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A literal is a nonnull value corresponding to a given data type. Literals are typically constant values; that is, they are values that are taken literally as is, without changing them at all. A literal value has to comply with the data type it represents.
SQL provides mechanisms for expressing literals in SQL statements. This section describes how to express each type of literal in SQL.
A character literal represents a value of CHARACTER or VARCHAR data type. To express a character literal, surround the character string with single quotes ( ' ). The length of the literal is determined by the number of characters between the single quotes.
The SQL 92 standard defines three kinds of typed datetime literals, in the following formats:
TIMESTAMP 'yyyy-mm-dd hh:mm:ss'
These formats are fixed and are not affected by the format specified in the NQSConfig.INI file for the parameters DATE_DISPLAY_FORMAT, TIME_DISPLAY_FORMAT, or DATE_TIME_DISPLAY_FORMAT. To express a typed datetime literal, use the keywords DATE, TIME, or TIMESTAMP followed by a datetime string enclosed in single quote marks. Two digits are required for all nonyear components even if the value is a single digit.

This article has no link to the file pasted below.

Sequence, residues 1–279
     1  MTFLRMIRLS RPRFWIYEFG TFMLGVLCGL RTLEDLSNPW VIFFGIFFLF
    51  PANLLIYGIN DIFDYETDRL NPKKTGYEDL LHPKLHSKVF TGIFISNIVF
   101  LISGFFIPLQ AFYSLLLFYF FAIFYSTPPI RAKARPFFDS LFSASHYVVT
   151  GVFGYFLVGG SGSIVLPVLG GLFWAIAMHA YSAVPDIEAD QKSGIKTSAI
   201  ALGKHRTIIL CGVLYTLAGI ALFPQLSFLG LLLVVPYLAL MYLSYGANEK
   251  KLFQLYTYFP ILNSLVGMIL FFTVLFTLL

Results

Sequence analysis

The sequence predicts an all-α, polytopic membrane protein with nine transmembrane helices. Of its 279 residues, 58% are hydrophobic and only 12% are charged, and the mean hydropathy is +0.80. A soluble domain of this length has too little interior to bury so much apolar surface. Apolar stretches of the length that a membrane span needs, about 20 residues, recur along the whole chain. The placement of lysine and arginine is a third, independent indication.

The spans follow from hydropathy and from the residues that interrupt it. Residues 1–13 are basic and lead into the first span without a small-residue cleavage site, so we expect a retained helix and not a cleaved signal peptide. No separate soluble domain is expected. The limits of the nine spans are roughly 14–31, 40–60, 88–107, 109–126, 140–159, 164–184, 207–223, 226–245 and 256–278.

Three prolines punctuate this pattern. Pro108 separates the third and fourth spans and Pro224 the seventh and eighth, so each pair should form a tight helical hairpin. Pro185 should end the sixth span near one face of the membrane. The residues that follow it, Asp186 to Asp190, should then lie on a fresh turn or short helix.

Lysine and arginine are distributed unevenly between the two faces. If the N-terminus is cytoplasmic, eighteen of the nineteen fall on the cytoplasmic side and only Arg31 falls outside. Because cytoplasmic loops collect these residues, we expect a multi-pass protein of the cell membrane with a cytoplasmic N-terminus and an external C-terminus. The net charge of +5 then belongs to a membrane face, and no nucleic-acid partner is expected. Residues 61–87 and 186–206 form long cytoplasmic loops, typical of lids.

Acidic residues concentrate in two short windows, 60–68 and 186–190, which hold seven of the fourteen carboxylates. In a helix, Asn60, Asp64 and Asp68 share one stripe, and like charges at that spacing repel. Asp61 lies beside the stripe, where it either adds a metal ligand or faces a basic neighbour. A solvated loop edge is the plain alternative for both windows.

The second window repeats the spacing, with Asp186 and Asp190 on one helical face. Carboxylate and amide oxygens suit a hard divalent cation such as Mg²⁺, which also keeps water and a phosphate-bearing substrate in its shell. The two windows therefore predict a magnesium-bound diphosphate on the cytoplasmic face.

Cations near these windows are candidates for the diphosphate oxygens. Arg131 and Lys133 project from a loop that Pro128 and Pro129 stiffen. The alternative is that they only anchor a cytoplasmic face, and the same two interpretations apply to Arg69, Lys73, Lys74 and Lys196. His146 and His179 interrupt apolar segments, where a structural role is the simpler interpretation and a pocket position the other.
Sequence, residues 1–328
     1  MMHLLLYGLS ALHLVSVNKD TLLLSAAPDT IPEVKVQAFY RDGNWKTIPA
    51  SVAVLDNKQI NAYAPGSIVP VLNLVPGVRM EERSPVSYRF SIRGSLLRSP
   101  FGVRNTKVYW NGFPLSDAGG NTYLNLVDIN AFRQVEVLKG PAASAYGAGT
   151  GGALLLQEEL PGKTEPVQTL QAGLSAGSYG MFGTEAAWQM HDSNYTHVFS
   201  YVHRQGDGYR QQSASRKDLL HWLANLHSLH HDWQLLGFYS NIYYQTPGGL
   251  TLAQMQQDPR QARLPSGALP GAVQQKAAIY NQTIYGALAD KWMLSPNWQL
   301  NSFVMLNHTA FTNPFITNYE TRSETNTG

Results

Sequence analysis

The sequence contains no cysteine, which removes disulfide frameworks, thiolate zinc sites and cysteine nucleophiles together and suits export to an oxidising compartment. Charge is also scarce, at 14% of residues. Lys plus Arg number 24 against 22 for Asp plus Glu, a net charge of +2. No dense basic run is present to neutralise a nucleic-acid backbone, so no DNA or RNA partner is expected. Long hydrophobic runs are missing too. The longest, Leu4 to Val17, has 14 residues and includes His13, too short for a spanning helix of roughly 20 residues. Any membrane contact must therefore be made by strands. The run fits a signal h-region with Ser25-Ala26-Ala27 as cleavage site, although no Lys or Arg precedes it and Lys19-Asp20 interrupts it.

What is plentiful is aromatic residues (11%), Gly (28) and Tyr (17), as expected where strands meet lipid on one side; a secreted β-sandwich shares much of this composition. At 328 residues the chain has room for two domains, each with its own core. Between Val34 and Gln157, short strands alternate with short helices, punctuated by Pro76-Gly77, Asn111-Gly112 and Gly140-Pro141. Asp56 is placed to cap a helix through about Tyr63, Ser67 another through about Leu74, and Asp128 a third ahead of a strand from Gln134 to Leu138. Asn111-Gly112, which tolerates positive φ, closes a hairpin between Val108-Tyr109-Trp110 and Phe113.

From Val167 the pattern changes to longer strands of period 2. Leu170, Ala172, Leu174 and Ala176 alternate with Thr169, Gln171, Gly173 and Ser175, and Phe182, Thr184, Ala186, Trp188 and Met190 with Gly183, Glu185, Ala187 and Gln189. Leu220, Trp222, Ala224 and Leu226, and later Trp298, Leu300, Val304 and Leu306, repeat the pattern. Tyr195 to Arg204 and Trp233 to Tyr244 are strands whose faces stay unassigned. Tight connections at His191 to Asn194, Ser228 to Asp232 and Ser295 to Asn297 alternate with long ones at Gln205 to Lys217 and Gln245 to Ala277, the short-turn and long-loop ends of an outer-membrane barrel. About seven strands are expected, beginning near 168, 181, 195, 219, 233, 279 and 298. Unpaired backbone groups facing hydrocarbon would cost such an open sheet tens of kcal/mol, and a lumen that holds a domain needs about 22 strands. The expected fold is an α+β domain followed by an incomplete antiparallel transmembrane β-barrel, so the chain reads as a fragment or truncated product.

A numeric literal represents a value of a numeric data type (for example, INTEGER, DECIMAL, and FLOAT). To express a numeric literal, type the number as part of a SQL statement.
Do not surround numeric literals with single quotes; doing so expresses the literal as a character literal.
To express an integer constant as a literal, type the integer as part of a SQL statement (for example, in the SELECT list). The integer can be preceded with either a plus sign (+) or minus sign (-) to indicate the integer is a positive or negative number, respectively.
To express a decimal literal, type a decimal number. The decimal can be preceded with either a plus sign (+) or minus sign (-) to indicate the integer is a positive or negative number, respectively.
To express floating point numbers as literal constants, type a decimal literal followed by the letter 'E' (either uppercase or lowercase) and followed by the plus sign (+) or the minus sign (-) to indicate a positive or negative exponent. No spaces are allowed between the integer, the letter 'E', and the sign of the exponent.